Racism in Britain

This post was inspired by a post by Ellen Hawley on her website, An American in Britain. She lives in Cornwall and was appalled by the racism she came across there. Her post makes interesting reading.

She says that she hears the word n—-r quite a lot in Cornwall. This is a largely white area of the country. This does not happen in more cosmopolitan areas. This goes to show, to me at least, that it is ignorance that is the main cause of racism. When people live close to others of other races and nationalities, they find that they are no different from the rest of us.

In the replies to her post, there are many people talking about other nationalities as well as other races (although I don’t like the idea of splitting people up into ‘races’ based on some perceived physical attribute. We are all in the Human Race!). It seems that there is not only racism but xenophobia here in Britain.

This xenophobia is often whipped up by the popular press, I’m sorry to say. It is usually aimed at the latest people to come into this country. The excuses for it are always the same. ‘They will take all our jobs. Really? If it weren’t for these immigrants, the National Health would have ground to a halt long ago. We just don’t have the numbers of indigenous people in the medical profession. One lady was complaining to me that all the dentists at her surgery are foreigners. Nothing about how good or otherwise they were as dentists. I happen to go to that surgery and they are good dentists with good English.

The idea that ‘foreigners’ are taking all the social housing and living on benefits is also a common one. People don’t take the trouble to look up the actual facts of the matter, but go on hearsay, often not true.

Someone is considered to bean immigrant if they stay in the country for 1 year. That means that lots of students, who don’t stay long-term, are classed as immigrants and added to the totals. I think that they ought not to be added, nor anyone who only comes for a short work contract. The general perception of an immigrant is one who comes and stays long-term, if not forever, bringing up their family here.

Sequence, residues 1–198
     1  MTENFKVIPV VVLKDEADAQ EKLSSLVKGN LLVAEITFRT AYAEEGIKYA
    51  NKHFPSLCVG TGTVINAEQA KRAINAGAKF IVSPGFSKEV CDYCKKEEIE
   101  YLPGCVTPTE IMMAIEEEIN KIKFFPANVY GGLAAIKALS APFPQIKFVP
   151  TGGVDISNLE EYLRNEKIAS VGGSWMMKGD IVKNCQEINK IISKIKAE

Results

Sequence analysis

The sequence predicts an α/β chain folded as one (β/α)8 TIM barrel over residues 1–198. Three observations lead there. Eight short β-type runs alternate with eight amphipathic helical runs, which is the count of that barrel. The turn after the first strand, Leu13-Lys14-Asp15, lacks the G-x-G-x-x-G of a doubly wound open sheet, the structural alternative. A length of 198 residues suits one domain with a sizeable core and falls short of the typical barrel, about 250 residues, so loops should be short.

Most immigrants are young and healthy, so the idea that they are putting a burden on the NHS is false. There are more British people using the NHS than immigrants, and that is also true of the benefits system. I forget the actual percentages, but a higher percentage of British citizens will use the benefit system than the percentage of immigrants using it.

I wonder how long it takes for a family to be accepted as British. I have worked with colleges whose parents were from all over the world. They were born here and had British passports and they were considered fully British. However, this nationality business is used for their own ends by xenophobics. Anti-royalists too. They often say that we are ruled by Germans. Now George 1 came from Hannover in Germany. He was invited to be King because the nearest person to the throne was Catholic. That must have been at least 10 generations ago. (Count it if you want to check and correct me.) True, he was German, but William and Mary, who came some time after George 1st were from the Netherlands, but we don’t hear that the Royal Family is Dutch. German is more threatening to the British public than Holland due to 2 wars.

So, if we go back that far, how many people are in fact British? (Or even English, since there seems to be a growing English feeling in the country.)

I would like to hear from you as to what you think about this? Post your thoughts in the comments section below.

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